The countdown has begun to the Terminal-High Altitude Area Defense (THAAD) anti-ballistic missile system becoming fully operational. Overnight on Wednesday, US forces transported the system's components to its proposed permanent base in Seonju County in South Korea. According to US military officials, the system will become operational 'within days.' South Korean officials have indicated that the system would be tested when deployment is complete.
The transportation of the missile defense system's components, conducted under the cover of night, was met by hundreds of Seongju residents, activists and members of religious organizations, who gathered in the town center of Soseong-ri, near the golf course where the system is to be deployed.
Up to 8,000 police were dispatched to the area contain the protesters, with clashes and injuries reported. The military, meanwhile, blocked roads into the area to prevent any out-of-town protesters from joining in. Protesters complained that the police presence was so great that they felt as though they had returned to the times when South Korea was a dictatorship.
South Korean political observers say Seoul is trying to rush through the deployment of the system before presidential elections on May 9, thus ensuring that any future government will have a hard time suspending or canceling the deployment.
Kim Wonmyeong, a long-time Seongju resident and representative of the Won-Buddhist monks, who are engaged in the ongoing protests together with other civic groups, told Sputnik Korean in no uncertain terms that THAAD's deployment threatens catastrophic consequences not just for his community, but for Korea as a whole.
Recalling the recent commemorations of the MV Sewol's sinking, Kim emphasized that "the deployment of missile defense is like putting all Koreans onto the deck of the sinking MV Sewol."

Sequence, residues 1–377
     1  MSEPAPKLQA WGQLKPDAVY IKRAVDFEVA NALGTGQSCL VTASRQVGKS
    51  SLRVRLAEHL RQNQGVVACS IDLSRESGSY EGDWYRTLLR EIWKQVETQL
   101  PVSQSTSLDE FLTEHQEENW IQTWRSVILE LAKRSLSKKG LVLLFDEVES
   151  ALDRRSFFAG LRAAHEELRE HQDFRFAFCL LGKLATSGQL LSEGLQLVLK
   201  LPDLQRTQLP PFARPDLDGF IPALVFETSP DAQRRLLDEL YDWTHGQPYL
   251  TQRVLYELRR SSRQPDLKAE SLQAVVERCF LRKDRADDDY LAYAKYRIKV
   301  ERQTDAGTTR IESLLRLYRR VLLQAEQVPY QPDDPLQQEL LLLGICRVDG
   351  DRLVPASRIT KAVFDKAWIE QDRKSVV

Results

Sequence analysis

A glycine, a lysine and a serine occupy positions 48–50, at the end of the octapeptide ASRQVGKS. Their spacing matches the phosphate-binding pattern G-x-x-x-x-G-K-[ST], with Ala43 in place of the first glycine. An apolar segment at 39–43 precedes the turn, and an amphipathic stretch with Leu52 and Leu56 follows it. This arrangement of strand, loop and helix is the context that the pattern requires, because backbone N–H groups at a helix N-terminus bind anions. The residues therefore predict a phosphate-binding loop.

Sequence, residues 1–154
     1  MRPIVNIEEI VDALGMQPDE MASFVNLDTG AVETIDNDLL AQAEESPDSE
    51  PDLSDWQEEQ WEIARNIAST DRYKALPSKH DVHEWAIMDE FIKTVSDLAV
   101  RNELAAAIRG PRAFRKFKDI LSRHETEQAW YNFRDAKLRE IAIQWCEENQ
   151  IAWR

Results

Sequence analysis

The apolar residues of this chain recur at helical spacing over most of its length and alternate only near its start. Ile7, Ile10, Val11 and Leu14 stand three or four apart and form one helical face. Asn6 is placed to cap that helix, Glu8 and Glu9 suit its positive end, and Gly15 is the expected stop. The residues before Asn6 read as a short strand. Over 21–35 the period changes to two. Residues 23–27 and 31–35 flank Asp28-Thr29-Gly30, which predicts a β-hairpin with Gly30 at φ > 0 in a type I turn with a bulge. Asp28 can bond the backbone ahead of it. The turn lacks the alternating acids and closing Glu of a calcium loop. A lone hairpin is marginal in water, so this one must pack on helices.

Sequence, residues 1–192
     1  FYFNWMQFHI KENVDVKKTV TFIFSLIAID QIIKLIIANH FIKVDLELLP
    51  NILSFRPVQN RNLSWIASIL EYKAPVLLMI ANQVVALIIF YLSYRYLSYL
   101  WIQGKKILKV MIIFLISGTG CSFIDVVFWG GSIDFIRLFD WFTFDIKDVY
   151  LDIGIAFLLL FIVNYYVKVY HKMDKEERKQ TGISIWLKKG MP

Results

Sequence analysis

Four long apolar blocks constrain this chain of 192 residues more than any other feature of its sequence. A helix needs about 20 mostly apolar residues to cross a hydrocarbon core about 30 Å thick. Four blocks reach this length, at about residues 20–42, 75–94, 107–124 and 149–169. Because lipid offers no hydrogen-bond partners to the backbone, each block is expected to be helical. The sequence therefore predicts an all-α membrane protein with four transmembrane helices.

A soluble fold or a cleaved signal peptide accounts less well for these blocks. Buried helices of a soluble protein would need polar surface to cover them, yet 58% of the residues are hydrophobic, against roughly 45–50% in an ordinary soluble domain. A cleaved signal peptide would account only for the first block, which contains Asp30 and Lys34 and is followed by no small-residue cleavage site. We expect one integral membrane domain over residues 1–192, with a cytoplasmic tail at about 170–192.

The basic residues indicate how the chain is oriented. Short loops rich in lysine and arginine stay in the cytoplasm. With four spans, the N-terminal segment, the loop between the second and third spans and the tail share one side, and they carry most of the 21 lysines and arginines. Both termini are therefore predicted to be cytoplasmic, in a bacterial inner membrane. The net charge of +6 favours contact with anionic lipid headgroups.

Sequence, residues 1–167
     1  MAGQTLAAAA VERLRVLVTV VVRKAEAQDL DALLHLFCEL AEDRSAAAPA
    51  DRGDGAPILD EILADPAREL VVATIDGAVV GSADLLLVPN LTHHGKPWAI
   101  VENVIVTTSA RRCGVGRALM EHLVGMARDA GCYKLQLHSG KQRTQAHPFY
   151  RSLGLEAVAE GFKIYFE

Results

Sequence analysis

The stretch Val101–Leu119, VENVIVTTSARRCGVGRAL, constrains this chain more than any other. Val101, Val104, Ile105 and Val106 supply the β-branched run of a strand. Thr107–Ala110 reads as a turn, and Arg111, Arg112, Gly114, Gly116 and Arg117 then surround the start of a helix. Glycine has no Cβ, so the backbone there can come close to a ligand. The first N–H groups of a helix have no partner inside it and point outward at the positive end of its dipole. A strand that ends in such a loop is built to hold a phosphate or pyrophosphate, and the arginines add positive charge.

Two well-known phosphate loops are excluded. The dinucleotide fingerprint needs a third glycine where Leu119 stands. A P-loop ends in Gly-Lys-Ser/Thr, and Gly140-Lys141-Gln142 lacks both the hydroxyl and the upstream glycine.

Unfortunately, Kim admitted that it remains to be seen whether South Koreans' objections are heard, or listened to. THAAD's deployment is part of a broader geopolitical game, the activist stressed, with residents of Seongju left to foot the bill. "China and the US are coming to some kind of agreement, and it turns out that the US plays with THAAD like a toy, as if preparing to attack North Korea."
"Wouldn't it be better if Russia, which has stepped out against THAAD's deployment, exerted its own pressure?" Kim asked.
"I live in this place, feeling unease and helplessness every day, and I have no confidence that our politicians can save the people of our country from THAAD. I watch as people run out of energy [to continue the protest]. But we have taken an oath. We will stand up for our holy land to the end," Kim emphasized.
Park Hee-ju, a member of the Gimncheon city council, and leader of the Emergency Committee to Counter THAAD, was detained by police for several hours during the clashes between police and protesters. "It was so embarrassing to see the smiling faces of those American bastards," Park said, speaking to South Korean media. "When I saw this American soldier who was driving one of the trailers flashing his teeth in a smile, I was enraged," he added.
"We fought for eight months, and it only took five minutes for all 26 vehicles carrying the THAAD components to enter the site," he added, weeping. Nevertheless, Park remained defiant. "We need to work up our courage once again to drive THAAD out," he said, speaking to protesters.
Locals say the snap deployment has soured their perceptions of South Korea's US allies. "Is the US really a friend when it deploys THAAD like a thief in the night during a presidential election? Or is South Korea a US colony?" asked Kim Chung-hwan, co-chair of the Seongju Committee.
Emphasizing that he believed the government should have put off the THAAD issue until after the election, Kim noted that he couldn't understand "why the Ministry of National Defense is leading the charge to sell out its own country."